Ensure Sufficient Free Disk Space
During the data export, the directory given by
sonatypeWork in your
config.yml will store temporary files that are almost as big as your current dataset. So before attempting to migrate, check the size of your database, by default located at
sonatype-work/clm-server/data/ods.h2.db, and ensure you have roughly that same size available as free space on the drive storing the embedded database.
A similar concern applies to the drive where you would like to store the SQL dump itself. The SQL dump can use gzip compression which tends to work well for this kind of file but if you want to be on the safe side, it's best to plan for the SQL dump to be roughly half the size of your current database.
Performing the Migration
The commands (
psql, etc.) shown in the following procedure assume that those executables are included in your shell's search path. If that is not the case in your environment, you will need to replace those commands with their full pathname. The same applies if your shell's search path contains incompatible versions of the commands. For instance, the
java executable used must meet the System Requirements for IQ Server.
Likewise, references to other files (
config.yml, etc.) simply use the filename for brevity. You might need to replace those filenames with relative or absolute pathnames that match the directory structure of your environment.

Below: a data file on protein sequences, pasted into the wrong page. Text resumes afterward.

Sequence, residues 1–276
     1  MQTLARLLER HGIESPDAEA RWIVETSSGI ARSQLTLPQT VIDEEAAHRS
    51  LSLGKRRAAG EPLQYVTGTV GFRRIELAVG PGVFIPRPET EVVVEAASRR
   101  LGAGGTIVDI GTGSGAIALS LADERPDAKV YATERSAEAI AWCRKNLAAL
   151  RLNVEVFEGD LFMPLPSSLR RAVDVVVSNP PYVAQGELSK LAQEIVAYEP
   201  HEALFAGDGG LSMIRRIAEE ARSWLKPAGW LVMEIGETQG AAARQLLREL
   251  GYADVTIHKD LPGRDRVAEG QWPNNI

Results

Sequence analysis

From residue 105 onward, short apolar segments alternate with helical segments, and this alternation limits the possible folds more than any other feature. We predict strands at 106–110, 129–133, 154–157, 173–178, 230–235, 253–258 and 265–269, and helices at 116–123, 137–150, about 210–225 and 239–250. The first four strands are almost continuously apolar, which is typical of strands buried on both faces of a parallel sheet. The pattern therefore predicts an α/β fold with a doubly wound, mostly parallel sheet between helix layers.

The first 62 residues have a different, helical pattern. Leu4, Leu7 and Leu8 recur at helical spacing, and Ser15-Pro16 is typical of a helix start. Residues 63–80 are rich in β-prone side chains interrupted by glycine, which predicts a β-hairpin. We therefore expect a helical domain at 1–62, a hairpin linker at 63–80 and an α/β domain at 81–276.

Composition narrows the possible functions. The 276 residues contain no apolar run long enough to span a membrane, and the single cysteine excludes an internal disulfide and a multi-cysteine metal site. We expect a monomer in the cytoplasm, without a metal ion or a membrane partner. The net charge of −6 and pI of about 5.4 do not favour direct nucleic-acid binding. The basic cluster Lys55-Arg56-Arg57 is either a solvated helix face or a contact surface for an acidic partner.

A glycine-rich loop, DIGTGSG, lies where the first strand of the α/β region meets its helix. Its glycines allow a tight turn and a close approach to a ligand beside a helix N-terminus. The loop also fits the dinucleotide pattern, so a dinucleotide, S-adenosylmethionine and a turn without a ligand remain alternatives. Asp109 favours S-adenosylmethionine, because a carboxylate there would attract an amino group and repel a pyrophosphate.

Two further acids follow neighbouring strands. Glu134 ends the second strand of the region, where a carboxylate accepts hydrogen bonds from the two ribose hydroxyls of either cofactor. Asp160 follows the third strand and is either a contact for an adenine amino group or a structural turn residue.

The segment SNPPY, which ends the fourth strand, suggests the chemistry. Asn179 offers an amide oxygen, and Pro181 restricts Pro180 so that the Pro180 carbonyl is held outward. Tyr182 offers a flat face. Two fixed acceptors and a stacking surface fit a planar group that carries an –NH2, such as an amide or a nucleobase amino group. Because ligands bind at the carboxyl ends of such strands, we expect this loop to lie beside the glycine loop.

- Shut down IQ Server.
- Generate a SQL dump from the embedded database using the following command:
java -jar nexus-iq-server-[version].jar export-embedded-db --dump-file iq-db-dump.sql.gz config.yml
Note that the filename of the dump file ends in ".gz", making it use gzip compression. Otherwise, the dump file will be uncompressed in plain text and require significantly more disk space.
- Set the environment variable
PGCLIENTENCODING=UTF8to ensure the following psql invocation properly reads the SQL dump.
- Import the compressed SQL dump into the external PostgreSQL database using the psql client tool:
gunzip -c iq-db-dump.sql.gz | psql --set ON_ERROR_STOP=1 --host [db-server-host] --port [db-server-port] --username [db-owner-user] --dbname [db-name]
If your environment lacks the
gunzipcommand or you otherwise prefer to use an uncompressed SQL dump, use the following command instead:
psql --set ON_ERROR_STOP=1 --host [db-server-host] --port [db-server-port] --username [db-owner-user] --dbname [db-name] < iq-db-dump.sql
While performing the import, the psql tool emits some harmless notices and log messages to inform about its progress. In case of any error, it aborts the task.
If despite an earlier test run you encounter an error with the import, you can now restart IQ Server and resume operation using the embedded database while you troubleshoot and prepare for a retry once the issue is resolved.
- Update IQ Server
config.ymlto use the external database as described in External Database Configuration.
- Restart IQ Server.
After the migration, be sure to update your backup procedures to ensure the external database is included.